As MIT professor, Sara Seager, explained that NASA's new satellite will be the ideal tool for discovering which new exoplanets we should be studying next.
"TESS will cast a wider net than ever before for enigmatic worlds whose properties can be probed by NASA's upcoming James Webb Space Telescope and other missions", he added.
On Monday, April 16, 2018, NASA will launch their new TESS (Transiting Exoplanet Survey) satellite to search for alien planets orbiting distant stars. Much like NASA's Kepler space observatory, TESS will use its high-spec tech to pinpoint undiscovered planets. More than 500,000 stars will come under its gaze during its two-year lifespan.
"We expect TESS will discover a number of planets whose atmospheric compositions, which hold potential clues to the presence of life, could be precisely measured by future observers".
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The Transiting Exoplanet Survey Satellite (TESS), the heir to NASA's Kepler exoplanet mission throne, is set to orbit Earth while pointing it's viewfinders out to space.
"There's no science that will tell us life is out there right now, except that small rocky planets appear to be incredibly common", MIT exoplanet hunter Sara Seager said.
The TESS satellite will be launched on a SpaceX Falcon 9 rocket and will hunt for new exoplanets to determine if they could harbor life.
NASA's Kepler spacecraft used the same method to spot more than 2,600 confirmed exoplanets, majority orbiting faint stars 300 to 3,000 light-years away. The spacecraft will scan our solar neighborhood looking for stars that exhibit "temporary drops in brightness caused by planetary transits", which is a sign that a previously undiscovered planet may be crossing in front of a star, NASA's website explains.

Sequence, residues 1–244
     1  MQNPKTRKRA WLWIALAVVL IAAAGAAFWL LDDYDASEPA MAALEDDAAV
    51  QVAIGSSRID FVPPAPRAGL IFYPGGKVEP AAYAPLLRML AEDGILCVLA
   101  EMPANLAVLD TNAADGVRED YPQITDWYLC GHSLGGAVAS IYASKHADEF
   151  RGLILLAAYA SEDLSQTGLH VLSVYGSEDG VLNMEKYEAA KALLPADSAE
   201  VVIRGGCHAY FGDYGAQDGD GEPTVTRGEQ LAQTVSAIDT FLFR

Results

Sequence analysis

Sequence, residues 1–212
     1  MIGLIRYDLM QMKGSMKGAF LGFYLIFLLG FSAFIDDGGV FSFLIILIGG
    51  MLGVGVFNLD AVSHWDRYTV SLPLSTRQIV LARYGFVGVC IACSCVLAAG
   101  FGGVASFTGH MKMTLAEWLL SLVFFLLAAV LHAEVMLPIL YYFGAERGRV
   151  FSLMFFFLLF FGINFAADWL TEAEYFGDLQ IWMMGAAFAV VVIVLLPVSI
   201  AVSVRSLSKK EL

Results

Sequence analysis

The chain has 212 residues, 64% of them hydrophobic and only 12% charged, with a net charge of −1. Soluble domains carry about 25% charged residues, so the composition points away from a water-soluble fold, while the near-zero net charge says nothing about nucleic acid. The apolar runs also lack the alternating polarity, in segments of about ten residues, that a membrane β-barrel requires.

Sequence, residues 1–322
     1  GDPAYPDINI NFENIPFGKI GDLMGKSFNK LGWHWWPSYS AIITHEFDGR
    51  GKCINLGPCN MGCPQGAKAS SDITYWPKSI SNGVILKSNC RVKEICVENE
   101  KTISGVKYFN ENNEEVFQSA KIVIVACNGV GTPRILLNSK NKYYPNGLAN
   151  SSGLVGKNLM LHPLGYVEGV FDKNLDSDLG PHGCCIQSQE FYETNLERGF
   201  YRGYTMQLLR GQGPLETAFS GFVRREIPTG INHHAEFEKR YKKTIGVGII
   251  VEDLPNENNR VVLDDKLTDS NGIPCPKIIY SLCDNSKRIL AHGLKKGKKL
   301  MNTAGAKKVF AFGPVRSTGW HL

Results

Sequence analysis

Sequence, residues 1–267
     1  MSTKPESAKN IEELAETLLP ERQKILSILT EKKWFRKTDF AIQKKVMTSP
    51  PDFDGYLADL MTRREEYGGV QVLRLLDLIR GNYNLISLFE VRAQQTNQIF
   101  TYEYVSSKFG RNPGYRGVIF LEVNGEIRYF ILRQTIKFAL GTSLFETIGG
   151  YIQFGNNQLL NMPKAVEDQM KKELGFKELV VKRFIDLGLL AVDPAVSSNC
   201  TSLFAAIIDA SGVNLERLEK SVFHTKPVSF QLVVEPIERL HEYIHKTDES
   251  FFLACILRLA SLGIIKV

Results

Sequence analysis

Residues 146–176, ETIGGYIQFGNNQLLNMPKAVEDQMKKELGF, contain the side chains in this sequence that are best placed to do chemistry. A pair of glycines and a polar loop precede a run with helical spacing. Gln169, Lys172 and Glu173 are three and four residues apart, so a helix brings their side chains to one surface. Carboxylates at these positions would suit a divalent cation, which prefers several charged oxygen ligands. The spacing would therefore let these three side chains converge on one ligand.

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"We learned from Kepler that there are more planets than stars in our sky, and now TESS will open our eyes to the variety of planets around some of the closest stars".
TESS will also be primed to identify the worlds circling red dwarfs, the small, dim stars that make up around roughly three-quarters of the stars in the sky. The satellite will spend full 13.7-day orbits observing a segment, then move on to the next one.
Now it's TESS's turn to take Keppler's discoveries one step further and narrow down the possible contenders for the next Planet Earth.
That's because Ricker's team designed a new kind of orbit - a highly elliptical 13.7-day trip that allows the spacecraft to avoid damage from Earth's Van Allen radiation belts while also bringing it close enough to regularly send back loads of image data. But since the 13 observation strips in each hemisphere overlap at the poles, TESS will have eyes on both the northern and southern polar skies for almost a year at a time.
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"TESS is going to essentially provide the catalog, like the phone book, if you will, of all the best planets for following up, for looking at their atmospheres and studying more about them."